Tuesday, March 30, 2010

Wilma 2005

Hi Folks ~ I recently showed what's left of the pine that came down in our back shed, in Hurricane Wilma. I though I'd do a little post about this hurricane.

Wilma took a back seat to Katrina, even though she was a bad hurricane herself. The eye of Wilma came right over us, and it was the first eye we had ever been through. We went out in it to fasten on some tarp to the shed roof, and just as we were about finished I yelled to DH to hurry up, because I could feel the back half of the storm coming. We no sooner got inside when the hellish fury of the storm started up again immediately, only much worse.

We had been on the cusp of the eye in both Frances and Jeanne the year before, going through both of them within two weeks of each other. Wilma was so much worse than either of them. I was petrified to say the least.

We lost power around 11 the night before she made landfall the next morning on the west coast, and were without power for 13 days.

We have a camper on our property and popped the top and used it as our cooking shack as it had a little gas stove. We rigged up hoses in the sun and an outdoor shower to have hot showers. I washed clothes by hand in a 5 gal bucket.

Friends who only lost power for a short time made ice for us, as ice was very hard to come by.

But, we survived, we are thankful, and we hope we never have to go through another one like that again, or worse.

Here is a bit of info from Wikipedia about Wilma.

Before hitting Florida, Wilma intensified despite increasing amounts of wind shear, briefly producing winds of 125 mph (200 km/h) before hitting Cape Romano, Florida as a 120 mph (195 km/h) major hurricane (although maximum sustained winds at the Florida landfall, according to some sources, might have been stronger). Wilma crossed the state in about 4.5 hours and weakened to winds of 110 mph (175 km/h) after entering the Atlantic Ocean.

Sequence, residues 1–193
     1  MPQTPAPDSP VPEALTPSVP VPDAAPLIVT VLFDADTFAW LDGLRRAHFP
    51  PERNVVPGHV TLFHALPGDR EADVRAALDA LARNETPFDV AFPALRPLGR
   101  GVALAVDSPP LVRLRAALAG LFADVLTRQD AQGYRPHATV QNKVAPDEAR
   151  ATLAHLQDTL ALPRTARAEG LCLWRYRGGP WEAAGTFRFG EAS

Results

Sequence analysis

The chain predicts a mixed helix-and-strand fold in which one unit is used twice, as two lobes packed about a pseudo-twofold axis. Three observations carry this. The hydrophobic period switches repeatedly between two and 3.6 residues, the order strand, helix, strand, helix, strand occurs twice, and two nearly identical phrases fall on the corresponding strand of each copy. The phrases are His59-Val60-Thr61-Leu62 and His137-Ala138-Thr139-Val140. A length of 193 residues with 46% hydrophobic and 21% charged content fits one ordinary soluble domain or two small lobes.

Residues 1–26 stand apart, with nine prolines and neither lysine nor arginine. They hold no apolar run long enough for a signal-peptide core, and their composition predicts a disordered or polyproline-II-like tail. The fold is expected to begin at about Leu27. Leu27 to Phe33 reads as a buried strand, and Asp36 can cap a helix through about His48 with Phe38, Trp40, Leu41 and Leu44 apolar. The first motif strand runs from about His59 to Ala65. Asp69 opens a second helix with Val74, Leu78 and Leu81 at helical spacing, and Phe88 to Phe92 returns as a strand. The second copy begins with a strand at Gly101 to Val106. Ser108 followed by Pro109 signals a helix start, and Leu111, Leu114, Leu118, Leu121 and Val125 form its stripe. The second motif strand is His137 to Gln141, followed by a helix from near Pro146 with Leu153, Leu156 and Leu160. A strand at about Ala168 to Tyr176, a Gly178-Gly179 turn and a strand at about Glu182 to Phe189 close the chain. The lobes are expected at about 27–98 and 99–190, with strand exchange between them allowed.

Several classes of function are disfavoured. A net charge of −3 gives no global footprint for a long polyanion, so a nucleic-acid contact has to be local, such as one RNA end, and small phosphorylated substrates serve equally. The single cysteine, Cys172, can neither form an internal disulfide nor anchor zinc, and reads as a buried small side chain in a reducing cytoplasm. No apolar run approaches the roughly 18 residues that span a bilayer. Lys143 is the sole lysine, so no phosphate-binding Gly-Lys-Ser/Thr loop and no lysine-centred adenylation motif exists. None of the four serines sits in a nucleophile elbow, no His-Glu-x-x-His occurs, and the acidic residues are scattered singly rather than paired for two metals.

Damage from Wilma was extensive and widespread over South Florida due to winds and flooding.Hurricane Wilma caused widespread destruction of critical infrastructure, including power, water and sewer systems. Florida Power and Light, the largest electricity utility in the state, reported more than 3,241,000 customers had lost power,[29] equivalent to approximately 6,000,000 people, with most residents getting power restored in 8–15 days.


My heart goes out to everyone who has ever experienced massive storms, whether they be a hurricane, a tornado, snow storm, whatever. They are horrifying. We did not know if our little 50's cottage would survive or not, but it did and we are grateful. Because of the tornadoes some people lost their homes and businesses. We did have a mini tornado go over us. While laying in bed freaked out, I noticed a change in the storms noise and fury because it sounded just like an oncoming freight train overhead, just like they say. That passed and the storm kept on howling like before. We could hear debris hitting the roof and house and we just hoped nothing bad happened.

As soon as Wilma passed, we went outside to assess all the damage, and had to come back in to get flannel shirts, as Wilma had brought a cold front. and it was now in the 50's. I immediately started clearing the driveway, hauling out small branches to the street to be picked up. I think we eventually had 5 or so huge piles of cut up pine and Melaleuca trees. We just kept plodding along day in day out. A neighbor had a chain saw and that's how we cut up the pine that was in the shed. The clean up around the state was monumental.

We did repair the shed, put an awning on the side that had been damaged and used the leaning pine section as a prop and strapped the awning to it. DH put an almost 11' stainless steel restaurant sink that we found dumped in an ally many, many years ago, on that wall and that is now my potting bench and area.

Below are pictures.

You can see the whole pine tree, the top half is out the other end of shed. When the top was cut off, the rest of the pine tree rose up out of the shed.

This was taken looking out through the sidelight in the scullery,
looking toward the workshop,
which part of the melaleuca tree had fallen onto,
poking a hole in the roof.

This is some of the Melaleuca tree fallen in a different direction.
It was a beautiful tree before the three hurricanes wrecked it.

This was our 'camp site'. Cooking shack to the right.

Inside the cooking shack.

Here I am in the neighbors yard. Sections of our privacy fencing was down on all four sides.
We cut up the pine tree, and hauled it all into our yard, then out to the street to be picked up. Before this picture, I had tripped going into the camper, carrying two jugs of water and fell into a bench with right hand, slamming my pinky finger between one jug and the hard edge of bench. I thought 'oh no', and hurriedly got the rings off my pinky finger. It and the next finger swelled right up and turned purple soon after. We think I probably broke my finger. I just taped it together, put a sock on the hand and started carting stuff. That was the least of our worries. The finger healed, is a tad crooked and feels arthritic at times, but heck we are still here and so is our little cottage/compound.